The Fourth Amendment affords United States citizens the right “to be secure in their persons, houses, papers, and effects, against unreasonable searches and seizures.” Throughout the last two centuries, the Supreme Court has developed extensive case law that has created a somewhat formulaic approach to determining whether one’s Fourth Amendment rights have been violated—namely, the “reasonable expectation of privacy” test. The Court has applied this test to afford the home, vehicle, airport, and the pedestrian all varying levels of privacy rights, and has upheld most of these respective levels of privacy in the context of the police canine sniff. The Supreme Court has failed, however, to craft case law that protects a pedestrian’s expectation of privacy when faced with a police dog. Police canines are trained to detect particular illegal substances and to alert their human handlers to contraband. These alerts, in turn, create the probable cause that a human officer needs before she may legally conduct a search. However, these alerts are often inaccurate, partially due to human suggestions to the dogs (“handler cues”) and poor training methods utilized by trainers throughout the country. Inaccurate dog alerts, in turn, permit human officers to conduct full searches without probable cause. Notably, the Supreme Court has overlooked and ignored these pressing issues, and has permitted dog sniffs to occur in various settings, without finding that they violate the Fourth Amendment. In most situations however, the Court has implemented safeguards which assure that an individual’s reasonable expectation of privacy is not violated by a sniff and a potentially inaccurate alert. Because the Court has afforded the pedestrian no such safeguards or protections, he is left wholly vulnerable to dogs approaching him and alerting inaccurately, either by accident or as a result of their handlers’ suggestions. This note suggests four steps that the government must take to maintain the privacy protections that pedestrians deserve. First, it must acknowledge that a pedestrian is entitled to a heightened reasonable expectation of privacy. Second, it must implement a temporary presumption against street sniffs that are not supported by human reasonable suspicion, until it can assure that dog alerts are accurate. Third, it must standardize training requirements for all handler-canine pairs, which will target the problems that cause false alerts. Fourth, it must implement a threshold accuracy requirement for all handler-canine pairs. This four-step solution will guarantee that pedestrians’ Fourth Amendment rights are being protected against the potential dangers of the canine sniff.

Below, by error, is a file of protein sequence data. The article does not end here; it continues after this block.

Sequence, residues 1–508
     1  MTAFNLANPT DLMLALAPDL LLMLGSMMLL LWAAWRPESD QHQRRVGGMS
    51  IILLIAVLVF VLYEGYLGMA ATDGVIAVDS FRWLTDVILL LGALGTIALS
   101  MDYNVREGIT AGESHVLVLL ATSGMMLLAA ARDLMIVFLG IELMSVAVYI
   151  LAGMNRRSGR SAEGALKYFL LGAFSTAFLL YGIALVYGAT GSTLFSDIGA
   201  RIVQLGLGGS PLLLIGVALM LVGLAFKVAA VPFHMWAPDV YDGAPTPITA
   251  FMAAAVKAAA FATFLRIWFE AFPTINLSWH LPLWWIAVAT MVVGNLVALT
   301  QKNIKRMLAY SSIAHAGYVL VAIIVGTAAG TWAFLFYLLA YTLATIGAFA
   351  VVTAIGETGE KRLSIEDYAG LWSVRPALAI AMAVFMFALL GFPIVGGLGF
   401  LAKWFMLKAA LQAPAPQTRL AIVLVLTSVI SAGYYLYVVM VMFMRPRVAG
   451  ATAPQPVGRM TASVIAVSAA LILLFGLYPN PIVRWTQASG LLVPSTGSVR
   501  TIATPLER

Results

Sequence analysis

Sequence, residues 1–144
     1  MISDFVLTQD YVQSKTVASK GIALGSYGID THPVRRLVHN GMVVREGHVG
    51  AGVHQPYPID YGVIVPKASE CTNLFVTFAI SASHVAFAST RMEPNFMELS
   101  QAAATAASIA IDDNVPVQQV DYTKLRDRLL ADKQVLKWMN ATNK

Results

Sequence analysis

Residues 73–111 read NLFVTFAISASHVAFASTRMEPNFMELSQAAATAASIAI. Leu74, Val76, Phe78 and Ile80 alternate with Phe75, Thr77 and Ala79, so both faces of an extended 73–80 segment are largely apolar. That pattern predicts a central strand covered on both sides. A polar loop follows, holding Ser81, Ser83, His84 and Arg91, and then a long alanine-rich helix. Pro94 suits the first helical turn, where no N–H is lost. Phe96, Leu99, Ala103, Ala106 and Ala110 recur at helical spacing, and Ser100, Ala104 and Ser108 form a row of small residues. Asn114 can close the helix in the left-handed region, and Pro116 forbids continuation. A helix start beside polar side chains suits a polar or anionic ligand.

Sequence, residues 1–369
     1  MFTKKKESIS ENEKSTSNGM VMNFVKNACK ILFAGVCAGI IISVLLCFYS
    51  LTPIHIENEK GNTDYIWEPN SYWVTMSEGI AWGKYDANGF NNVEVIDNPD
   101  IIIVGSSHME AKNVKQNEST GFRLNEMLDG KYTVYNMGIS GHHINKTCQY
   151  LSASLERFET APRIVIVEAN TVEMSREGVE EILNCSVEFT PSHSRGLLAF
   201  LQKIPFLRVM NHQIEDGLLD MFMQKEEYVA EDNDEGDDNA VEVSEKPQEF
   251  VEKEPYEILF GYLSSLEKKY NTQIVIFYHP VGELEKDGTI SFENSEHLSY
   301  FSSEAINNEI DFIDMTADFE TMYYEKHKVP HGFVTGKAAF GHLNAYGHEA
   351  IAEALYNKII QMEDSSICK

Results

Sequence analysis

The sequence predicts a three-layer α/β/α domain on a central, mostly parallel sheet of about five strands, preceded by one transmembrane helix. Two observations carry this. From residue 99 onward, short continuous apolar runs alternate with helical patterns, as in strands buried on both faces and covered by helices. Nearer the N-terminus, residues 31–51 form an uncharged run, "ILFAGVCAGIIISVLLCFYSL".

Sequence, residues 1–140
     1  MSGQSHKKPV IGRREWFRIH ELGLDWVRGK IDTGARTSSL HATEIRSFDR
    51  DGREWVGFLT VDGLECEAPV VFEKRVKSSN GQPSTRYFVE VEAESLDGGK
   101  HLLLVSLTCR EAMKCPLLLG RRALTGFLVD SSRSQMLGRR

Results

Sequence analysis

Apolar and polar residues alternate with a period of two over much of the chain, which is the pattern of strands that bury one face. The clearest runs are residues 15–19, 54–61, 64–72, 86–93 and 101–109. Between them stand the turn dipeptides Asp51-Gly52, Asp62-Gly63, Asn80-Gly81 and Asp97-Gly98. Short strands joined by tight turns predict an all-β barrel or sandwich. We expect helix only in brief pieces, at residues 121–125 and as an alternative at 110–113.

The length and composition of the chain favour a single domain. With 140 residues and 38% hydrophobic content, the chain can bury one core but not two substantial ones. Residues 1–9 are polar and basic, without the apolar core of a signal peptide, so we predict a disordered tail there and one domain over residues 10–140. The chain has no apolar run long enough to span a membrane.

Jacey L. Gottlieb,
Who Let the Dogs Out—and While We’re at It, Who Said They Could Sniff Me?: How the Unregulated Street Sniff Threatens Pedestrians’ Privacy Rights,
82 Brook. L. Rev.
Available at: http://brooklynworks.brooklaw.edu/blr/vol82/iss3/9